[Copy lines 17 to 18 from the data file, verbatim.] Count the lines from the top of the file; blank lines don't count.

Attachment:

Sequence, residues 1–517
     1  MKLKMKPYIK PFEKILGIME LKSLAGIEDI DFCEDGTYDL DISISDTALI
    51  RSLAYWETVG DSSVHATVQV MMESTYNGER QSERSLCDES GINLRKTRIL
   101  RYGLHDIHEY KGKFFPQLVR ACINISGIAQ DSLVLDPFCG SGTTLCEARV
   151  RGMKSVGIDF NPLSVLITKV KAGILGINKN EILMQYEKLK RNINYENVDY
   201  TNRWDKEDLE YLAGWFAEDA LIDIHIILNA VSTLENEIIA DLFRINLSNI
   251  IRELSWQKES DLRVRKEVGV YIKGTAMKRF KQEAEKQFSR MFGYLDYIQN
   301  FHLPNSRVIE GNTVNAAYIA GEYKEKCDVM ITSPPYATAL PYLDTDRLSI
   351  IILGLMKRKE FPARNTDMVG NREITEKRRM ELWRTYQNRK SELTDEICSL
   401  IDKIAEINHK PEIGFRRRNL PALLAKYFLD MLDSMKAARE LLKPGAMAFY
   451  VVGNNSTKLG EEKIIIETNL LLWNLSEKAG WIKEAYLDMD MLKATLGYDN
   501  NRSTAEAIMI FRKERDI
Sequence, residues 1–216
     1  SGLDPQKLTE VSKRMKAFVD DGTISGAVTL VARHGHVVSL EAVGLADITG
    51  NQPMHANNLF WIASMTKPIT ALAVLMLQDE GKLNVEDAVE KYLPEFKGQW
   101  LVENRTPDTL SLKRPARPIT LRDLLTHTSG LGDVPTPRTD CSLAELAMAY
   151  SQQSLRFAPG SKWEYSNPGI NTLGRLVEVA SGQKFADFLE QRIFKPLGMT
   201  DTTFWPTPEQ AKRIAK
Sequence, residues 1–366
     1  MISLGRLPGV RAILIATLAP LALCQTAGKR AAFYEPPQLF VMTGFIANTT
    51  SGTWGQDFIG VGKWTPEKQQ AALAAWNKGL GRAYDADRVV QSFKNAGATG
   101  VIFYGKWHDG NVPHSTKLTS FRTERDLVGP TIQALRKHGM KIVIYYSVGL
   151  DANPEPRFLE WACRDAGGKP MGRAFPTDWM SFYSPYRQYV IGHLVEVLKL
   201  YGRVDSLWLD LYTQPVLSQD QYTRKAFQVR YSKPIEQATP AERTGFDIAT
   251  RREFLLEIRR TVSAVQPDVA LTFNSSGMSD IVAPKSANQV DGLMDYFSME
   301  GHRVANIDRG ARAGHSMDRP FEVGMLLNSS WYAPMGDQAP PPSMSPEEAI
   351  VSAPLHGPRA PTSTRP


   151  SQQSLRFAPG SKWEYSNPGI NTLGRLVEVA SGQKFADFLE QRIFKPLGMT
   201  DTTFWPTPEQ AKRIAK